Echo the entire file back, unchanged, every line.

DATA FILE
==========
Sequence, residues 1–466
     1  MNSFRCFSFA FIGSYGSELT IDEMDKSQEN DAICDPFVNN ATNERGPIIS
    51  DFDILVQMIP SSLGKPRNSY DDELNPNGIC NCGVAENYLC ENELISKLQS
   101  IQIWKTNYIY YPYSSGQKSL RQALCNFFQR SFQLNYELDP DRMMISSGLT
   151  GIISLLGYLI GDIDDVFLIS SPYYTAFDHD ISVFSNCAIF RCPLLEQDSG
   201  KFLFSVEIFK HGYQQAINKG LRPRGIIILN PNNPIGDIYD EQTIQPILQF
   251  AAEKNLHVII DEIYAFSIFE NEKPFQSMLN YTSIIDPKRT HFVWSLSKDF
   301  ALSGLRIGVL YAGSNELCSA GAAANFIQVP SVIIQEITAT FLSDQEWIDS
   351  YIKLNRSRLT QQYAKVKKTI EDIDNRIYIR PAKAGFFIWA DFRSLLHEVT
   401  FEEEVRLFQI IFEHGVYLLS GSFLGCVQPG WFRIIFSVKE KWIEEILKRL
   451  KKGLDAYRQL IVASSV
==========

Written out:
Sequence, residues 1–466
     1  MNSFRCFSFA FIGSYGSELT IDEMDKSQEN DAICDPFVNN ATNERGPIIS
    51  DFDILVQMIP SSLGKPRNSY DDELNPNGIC NCGVAENYLC ENELISKLQS
   101  IQIWKTNYIY YPYSSGQKSL RQALCNFFQR SFQLNYELDP DRMMISSGLT
   151  GIISLLGYLI GDIDDVFLIS SPYYTAFDHD ISVFSNCAIF RCPLLEQDSG
   201  KFLFSVEIFK HGYQQAINKG LRPRGIIILN PNNPIGDIYD EQTIQPILQF
   251  AAEKNLHVII DEIYAFSIFE NEKPFQSMLN YTSIIDPKRT HFVWSLSKDF
   301  ALSGLRIGVL YAGSNELCSA GAAANFIQVP SVIIQEITAT FLSDQEWIDS
   351  YIKLNRSRLT QQYAKVKKTI EDIDNRIYIR PAKAGFFIWA DFRSLLHEVT
   401  FEEEVRLFQI IFEHGVYLLS GSFLGCVQPG WFRIIFSVKE KWIEEILKRL
   451  KKGLDAYRQL IVASSV